The Department of Veteran’s Affairs (VA) Police are federal police charged with protecting VA property. While on VA property, they have full police powers, carry weapons, pull traffic violators over, investigate crimes, and respond to emergencies. Their authority is derived from Title 38 of the U.S. Code section 902 which states that while on VA property VA police shall enforce federal laws, rules of Title 38 section 901, and subject to certain rules shall enforce traffic and motor vehicle laws of the State or local government within the jurisdiction where the VA property is located.
The police services of VA installations nationwide are directed and oversaw from VA headquarters in Washington D.C. The Director of Security and Law Enforcement is responsible for ensuring that programs and policies are in place to protect VA staff, patients, and visitors. The VA divides their property throughout the nation into specific regions run by Inspectors, who ensure that their respective VA Police Chiefs receive the resources which they may require to handle certain trouble spots or regional issues which may arise.
Other career opportunities exist for VA police outside of normal patrol operations. VA Police Investigators investigate more serious crimes which happen on VA property and VA executive protection officers are responsible for protecting the Secretary and Deputy Secretary of the VA. The Office of Security and Law Enforcement also acts as a liaison with other law enforcement agencies on all levels, from local police to other federal agencies.
While the VA police shows preference towards hiring veterans and those with law enforcement experience, it is not entirely impossible to land a job with the agency assuming one’s resume is beefed up enough with college courses or other government employment experience.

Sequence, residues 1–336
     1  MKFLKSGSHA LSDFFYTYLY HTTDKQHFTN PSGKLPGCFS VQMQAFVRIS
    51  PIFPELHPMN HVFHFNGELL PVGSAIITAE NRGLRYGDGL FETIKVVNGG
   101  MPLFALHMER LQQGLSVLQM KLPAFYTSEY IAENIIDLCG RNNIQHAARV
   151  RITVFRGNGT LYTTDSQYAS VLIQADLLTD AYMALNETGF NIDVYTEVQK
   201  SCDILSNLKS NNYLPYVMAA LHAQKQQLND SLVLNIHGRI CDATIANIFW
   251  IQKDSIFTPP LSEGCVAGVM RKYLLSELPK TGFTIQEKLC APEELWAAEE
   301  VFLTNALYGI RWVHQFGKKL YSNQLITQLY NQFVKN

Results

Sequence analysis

The Officer Down Memorial Page lists seven Department of Veteran’s Affairs Police Officers who have been killed in the line of duty. Those seven are:
Officer Marvin C. Bland died in 1985 in a car accident while responding to an emergency.
Officer Leanord B. Wilcox died in 1986 of gunfire.
Officer Mark S. Decker died in 1986 of gunfire.
Officer Ronald Hearn died in 1988 of gunfire.
Officer Gary A. Ross died in 1990 of a heart attack while responding to an emergency.
Officer Horst Harold Woods died in 1996 of gunfire.
Officer Jose Oscar Rodriguez-Reyes died in 2002 of gunfire.
Many would think that protecting a hospital would be an easy job, but as the above names have shown, the VA police share the same occupational hazards of any police agency around the country.
Welcome to the Office of Law Enforcement and Security Home Page. U. S. Department of Veteran’s Affairs.
Police Service. U.S. Department of Veteran’s Affairs.
38 USC Chapter 9 – Security and Law Enforcement on Property Under the Jurisdiction of the Department. U.S. House of Representatives.
The Officer Down Memorial Page.